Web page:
This is a read-only archive. Find the latest Linux articles, documentation, and answers at the new Linux.com!

Linux.com

Feature

SpaceNavigator: An affordable 3-D controller for Linux

By Nathan Willis on March 28, 2007 (8:00:00 AM)

Share    Print    Comments   

3Dconnexion's SpaceNavigator is a compact, programmable USB input device designed for 3-D applications. It's a six-axis controller that senses tilt and rotation as well as x, y, and z linear motion. The product was released in November, and this month 3Dconnexion (a subsidiary of peripheral specialist Logitech) announced initial Linux support, including preliminary application functionality and a software development kit.
SpaceNavigator
The third dimension in all its glowing blue glory. Click to enlarge.

The SpaceNavigator comes in two editions: a personal edition priced at $60, and the standard edition priced at $100. The personal edition is supposed to be used for non-commercial purposes only, although the application support appears to be identical. But the standard edition does come with one concrete advantage: two years of free telephone support.

Thanks to no-cost apps like Google Earth, Google SketchUp, and Second Life, consumers are regularly exploring three-space these days. The SpaceNavigator is a good fit for them, since its price point is less than half that of 3Dconnexion's next cheapest 3-D controller, the similarly equipped SpaceTraveler. More expensive offerings range well above $300, making them popular with 3-D artists and CAD designers, but outside the reach of home users.

Getting started

To get the SpaceNavigator running in Linux, download the 3DxWare for Linux package from 3Dconnexion's Driver Downloads page. If you use the Maya 3-D editor, you can download configuration plugins for versions 8 and 8.5 from the same page. The 3DxWare package contains an installation script, text instructions, drivers, and two demo programs. During installation, you can choose whether to start the SpaceNavigator driver at boot time or manually start it as needed.

After I ran the installation script and it exited successfully, I found that the driver failed to launch, complaining of the absence of libXm.so.3. It was not listed in any of the instructions or online help, but a little digging taught me that this is a dependency on OpenMotif; to save yourself the trouble make sure that libmotif3 is installed through your distro's package manager. You can then connect the SpaceNavigator and manually start the driver with sudo /etc/3DxWare/daemon/3dxsrv -d usb.

Up pops the beautiful OpenMotif-based configuration dialog box. 3Dconnexion's devices are not configured like typical I/O devices such as keyboards or trackballs; take a moment to read through the configurator's built-in help. The short version is that every application with which you want to use the SpaceNavigator requires a custom plugin -- and currently, the only application with such a plugin is the 3-D modeler Maya.

Demos
SpaceNavigator driver and demo apps. Click to enlarge.

This puts Linux reviewers in a bit of a bind, as there is no demo version of Maya for Linux, and licenses start at $2,000. Under Linux, I was able to test the device only with its two demo apps. One, xvalue, simply reports the motion data read from the device (a handy reference for tweaking the sensitivity settings), and the other, xcube, allows you to manipulate a simple 3-D cube.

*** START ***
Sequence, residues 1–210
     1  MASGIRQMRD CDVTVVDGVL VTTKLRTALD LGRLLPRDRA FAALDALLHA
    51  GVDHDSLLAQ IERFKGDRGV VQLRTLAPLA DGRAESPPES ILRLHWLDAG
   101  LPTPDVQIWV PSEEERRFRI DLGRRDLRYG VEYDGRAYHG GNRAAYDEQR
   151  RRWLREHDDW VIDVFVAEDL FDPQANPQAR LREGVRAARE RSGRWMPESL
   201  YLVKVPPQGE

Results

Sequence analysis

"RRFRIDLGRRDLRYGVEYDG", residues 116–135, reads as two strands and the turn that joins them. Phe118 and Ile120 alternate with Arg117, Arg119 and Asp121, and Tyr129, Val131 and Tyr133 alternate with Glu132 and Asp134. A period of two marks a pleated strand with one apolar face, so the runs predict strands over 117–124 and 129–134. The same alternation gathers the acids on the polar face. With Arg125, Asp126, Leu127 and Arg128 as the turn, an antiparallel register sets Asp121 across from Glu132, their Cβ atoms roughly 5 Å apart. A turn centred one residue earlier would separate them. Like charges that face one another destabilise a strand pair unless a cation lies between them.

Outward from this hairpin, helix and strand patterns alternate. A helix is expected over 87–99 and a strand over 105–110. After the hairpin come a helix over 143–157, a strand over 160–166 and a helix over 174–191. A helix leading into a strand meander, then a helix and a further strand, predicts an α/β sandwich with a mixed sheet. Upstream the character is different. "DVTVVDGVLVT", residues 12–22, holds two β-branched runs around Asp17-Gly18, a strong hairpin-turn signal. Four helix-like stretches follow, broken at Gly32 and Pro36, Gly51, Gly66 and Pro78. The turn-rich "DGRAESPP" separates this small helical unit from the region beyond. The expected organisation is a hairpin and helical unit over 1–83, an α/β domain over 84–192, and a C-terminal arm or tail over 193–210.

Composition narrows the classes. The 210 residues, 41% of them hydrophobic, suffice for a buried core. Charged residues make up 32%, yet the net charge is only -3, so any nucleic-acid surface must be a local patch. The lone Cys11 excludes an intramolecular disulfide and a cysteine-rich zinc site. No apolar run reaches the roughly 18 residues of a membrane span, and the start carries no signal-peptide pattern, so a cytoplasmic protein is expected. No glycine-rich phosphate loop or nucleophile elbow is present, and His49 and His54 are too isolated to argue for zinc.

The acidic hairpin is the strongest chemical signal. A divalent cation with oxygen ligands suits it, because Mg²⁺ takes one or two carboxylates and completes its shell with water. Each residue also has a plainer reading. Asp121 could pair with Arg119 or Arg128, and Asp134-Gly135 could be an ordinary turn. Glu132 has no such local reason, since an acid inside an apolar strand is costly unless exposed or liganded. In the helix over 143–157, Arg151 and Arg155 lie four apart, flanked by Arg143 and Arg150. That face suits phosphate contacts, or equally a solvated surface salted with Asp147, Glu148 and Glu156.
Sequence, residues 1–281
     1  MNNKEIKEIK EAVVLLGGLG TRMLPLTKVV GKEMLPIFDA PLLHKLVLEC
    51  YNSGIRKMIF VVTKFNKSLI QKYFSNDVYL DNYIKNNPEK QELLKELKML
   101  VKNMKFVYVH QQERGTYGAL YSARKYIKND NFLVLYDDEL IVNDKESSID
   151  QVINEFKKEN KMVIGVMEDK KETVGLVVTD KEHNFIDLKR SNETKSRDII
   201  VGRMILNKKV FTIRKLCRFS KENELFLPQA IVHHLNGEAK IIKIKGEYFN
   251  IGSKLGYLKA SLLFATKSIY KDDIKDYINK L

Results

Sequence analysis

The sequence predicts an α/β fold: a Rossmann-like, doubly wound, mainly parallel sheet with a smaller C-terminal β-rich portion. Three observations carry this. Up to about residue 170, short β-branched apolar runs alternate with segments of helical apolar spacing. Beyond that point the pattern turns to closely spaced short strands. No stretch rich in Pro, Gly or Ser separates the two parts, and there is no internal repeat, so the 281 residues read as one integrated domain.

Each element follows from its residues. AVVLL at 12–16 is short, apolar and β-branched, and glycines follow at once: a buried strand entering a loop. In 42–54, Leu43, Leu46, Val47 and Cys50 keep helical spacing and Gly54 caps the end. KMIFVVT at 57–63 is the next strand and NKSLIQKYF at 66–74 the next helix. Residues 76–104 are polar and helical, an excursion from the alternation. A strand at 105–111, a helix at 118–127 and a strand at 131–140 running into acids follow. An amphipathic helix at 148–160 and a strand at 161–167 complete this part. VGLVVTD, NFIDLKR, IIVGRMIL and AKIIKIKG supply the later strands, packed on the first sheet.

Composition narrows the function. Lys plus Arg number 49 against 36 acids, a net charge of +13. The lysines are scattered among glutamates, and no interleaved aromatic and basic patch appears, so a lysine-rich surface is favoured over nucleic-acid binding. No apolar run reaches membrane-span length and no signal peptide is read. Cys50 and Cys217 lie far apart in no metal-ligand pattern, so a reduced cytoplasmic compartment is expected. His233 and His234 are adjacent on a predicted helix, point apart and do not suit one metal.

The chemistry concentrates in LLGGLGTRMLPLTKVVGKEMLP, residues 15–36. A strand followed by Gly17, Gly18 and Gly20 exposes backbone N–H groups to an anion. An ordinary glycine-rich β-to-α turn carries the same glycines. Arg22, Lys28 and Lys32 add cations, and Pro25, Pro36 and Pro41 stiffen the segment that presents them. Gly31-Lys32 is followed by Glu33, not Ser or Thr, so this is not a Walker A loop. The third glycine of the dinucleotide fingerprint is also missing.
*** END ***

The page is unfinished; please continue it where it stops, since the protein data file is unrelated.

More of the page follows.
I tested the SpaceNavigator on Windows and Mac OS X using SketchUp and Google Earth. For these apps, the SpaceNavigator is both easy and fun to use. I had never found much use for SketchUp before, but the 3-D control makes it simple to use. It only takes a matter of minutes to get accustomed to the controller, and it is infinitely easier to use than a mouse. The only potential source of confusion is the fact that the device is circular, so if it is sitting askew, your hand motions may be off-axis. Subtle ridges placed on the four compass points of the controller are intended to avert such misalignment, but when you are first starting out it requires conscious thought to make sure you point it in the correct direction.

Linux support

With such obvious potential, the hurdle to overcome in the Linux market is proper application support. As it is, adding support for a new app requires directly coding in support for 3Dconnexion's official driver. The company is quick to reply to inquiries on its public support forum, even going so far as to poll readers on which apps they want to see supported. So far it looks like the open source modeler Blender and Google Earth are leading the pack.

For broad adoption, however, a more generic driver solution is required. The device is directly accessible as a generic input device using the USB Human Interface Device (HID) protocol. As was discussed in the forum, the proper solution is to write an XInput driver, thus enabling all interested applications to pick up and use the device via the XInput API. The same technique is already used to handle other non-mouse input devices, such as pressure-sensitive graphics tablets used in painting apps like the GIMP and Krita.

Unfortunately, although the 3Dconnexion software development kit (SDK) includes useful C headers, it is licensed under strict proprietary terms that make it incompatible with GPLed software. A 3Dconnexion spokesperson said the company has no plans to develop a solution for GPL apps. The company is supportive of community-driven efforts to build an XInput driver, encouraging developers to post questions to the forums and promising it will be happy to assist. If you read the Linux support forum, employees are quick to respond to questions, and repeatedly solicit input from users. They can't officially bless the third-party Blender plugin, but they do direct users toward it. Thus it seems unlikely that a community-created XInput driver could make it onto the official driver downloads page, but who knows? Perhaps with a little persuasion, 3Dconnexion would come through with a solution for open source users.

Only in recent years has the category "consumer 3-D application" even existed. Until recently, 3-D controllers were of interest only to engineers and computer animators, and their prices reflected that. But now the list of 3-D programs for the home user is growing: Google Earth, World Wind, SketchUp, Celestia, Stellarium, Hugin, Second Life -- not to mention all the games. 3Dconnexion's SpaceNavigator is an affordable way to harness the flexibility of a 3-D interface. Let's just hope native X11 support happens sooner rather than later.

Share    Print    Comments   

Comments

on SpaceNavigator: An affordable 3-D controller for Linux

Note: Comments are owned by the poster. We are not responsible for their content.